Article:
Freyung Square, Vienna:
One of Vienna′s most Historic Piazzas

The Freyung is a square in the first district of Vienna, the so-called "Innere Stadt". It is off the main roads of tourism, which would be found around Stephansdom and the Graben, Kohlmarkt and Kärntnerstraße area leading to the Hofburg and Staatsoper. The Freyung is nevertheless a busy piazza, and has been so for the past centuries. Among Viennese, the square is very well-known and can be found between a range of fine sightseeing attractions: The Palais Kinsky, the Schottenstift Abbey with its Baroque church, Palais Schönborn-Batthyany, the BA-CA-Kunstforum, Palais Ferstel and Palais Harrach.

The name "Freyung" is a relatively recent nomenclature. Originally, the square was called "Bei den Schotten" or "At the Scot′s". This was due to the Schottenstift or "Scot′s Abbey" and based on the misconception that this Benedictine monastery was run by monks from Scotland - in fact, they were Irish, but Medieval Ireland was called "Scotia Major".

The monastery existed here since 1156, but in 1418, Benedictine monks from Melk Abbey replaced the "Scots". The term "Freyung" could refer to "liberation" and there is a nice little hypothesis why this was used for the square in front of the abbey: People who fled to the premises of the Schottenstift were not allowed to be arrested by the city guard - thus "liberated".

Interpretations of "Freyung" as a Name

Less romantic interpretations link the name to the word "Friedhof" (modern German for "cemetery"), which referred to a courtyard surrounded by a wall. It could be used as a market square, for funerals, court meetings or square for other assemblies. Today, the Freyung is still used as a market square, usually it is organic foods and local produce that you can buy here. Special markets are held for Christmas or Easter, but also smaller holidays such as Thanksgiving ("Erntedank", not to be confused with US-style Thanksgiving).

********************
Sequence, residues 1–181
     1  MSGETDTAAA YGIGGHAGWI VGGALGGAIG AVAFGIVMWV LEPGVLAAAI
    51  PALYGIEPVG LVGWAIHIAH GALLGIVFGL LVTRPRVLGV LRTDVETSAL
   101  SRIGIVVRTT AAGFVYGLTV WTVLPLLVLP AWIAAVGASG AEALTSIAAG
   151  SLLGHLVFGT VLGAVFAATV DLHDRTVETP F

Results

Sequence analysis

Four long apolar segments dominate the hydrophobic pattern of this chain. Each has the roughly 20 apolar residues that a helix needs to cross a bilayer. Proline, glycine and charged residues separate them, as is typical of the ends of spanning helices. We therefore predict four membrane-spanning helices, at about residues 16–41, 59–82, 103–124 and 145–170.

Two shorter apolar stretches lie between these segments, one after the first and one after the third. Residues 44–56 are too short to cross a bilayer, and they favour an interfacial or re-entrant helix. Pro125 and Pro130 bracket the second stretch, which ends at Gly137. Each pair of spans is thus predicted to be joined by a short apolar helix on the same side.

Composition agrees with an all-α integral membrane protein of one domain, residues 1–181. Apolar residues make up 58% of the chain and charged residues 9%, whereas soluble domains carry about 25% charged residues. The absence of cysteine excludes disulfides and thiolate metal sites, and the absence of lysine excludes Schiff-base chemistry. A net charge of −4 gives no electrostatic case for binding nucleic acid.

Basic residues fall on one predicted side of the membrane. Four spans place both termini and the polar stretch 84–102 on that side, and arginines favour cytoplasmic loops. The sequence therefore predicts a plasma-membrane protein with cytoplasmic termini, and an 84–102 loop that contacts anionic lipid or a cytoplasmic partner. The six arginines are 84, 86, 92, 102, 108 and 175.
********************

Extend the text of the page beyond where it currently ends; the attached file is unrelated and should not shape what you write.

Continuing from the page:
Another key attraction of the Freyung is the Schubladkastenhaus ("Drawer-Box House", because it looks like a wardrobe with drawers) and the "Austria Fountain". The latter was designed by Ludwig Schwanthaler and built in 1846. It is considered to be an important piece of sculpture from this time.

Attractions at & around Freyung Vienna

Note the add cobble stones in front of Palais Harrach: These are the original surface of the Medieval Freyung. Right between Palais Harrach and Palais Kinsky, you find a tiny park of 390 square metres. It is the sad remains of the once beautiful Baroque gardens of Palais Harrach.

Today, the park is dedicated to the federation of Austrian-International Associations (for example, the Austrian-Japanese Society and alike). A Baroque bungalow designed by Lukas von Hildebrandt was situated here until a bomb struck the Freyung in the course of WWII. The daily paper "Der Standard" is produced around the corner of the Freyung square.

From the Freyung, you can easily walk to the Ringstraße: Go to the Main University and Votivkirche, or via Palais Niederösterreich / Dreimäderlhaus towards Burgtheater and Rathaus. In the opposite direction, you get directly to the Am Hof Square and further on to the Judenplatz.

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District Overview - 1st (Innere Stadt) - 2nd (Leopoldstadt) - 3rd (Landstraße) - 4th (Wieden) - 5th (Margareten) - 6th (Mariahilf) - 7th (Neubau) - 8th (Josefstadt) - 9th (Alsergrund) - 10th (Favoriten) - 11th (Simmering) - 12th (Meidling) - 13th (Hietzing) - 14th (Penzing) - 15th (Fünfhaus) - 16th (Ottakring) - 17th (Hernals) - 18th (Währing) - 19th (Döbling) - 20th (Brigittenau) - 21st (Floridsdorf) - 22nd (Donaustadt) - 23rd (Liesing) -  Ringstraße - Surroundings

Further Reading

Wikipedia on the Freyung

Website of the Altwiener Markt, held at Freyung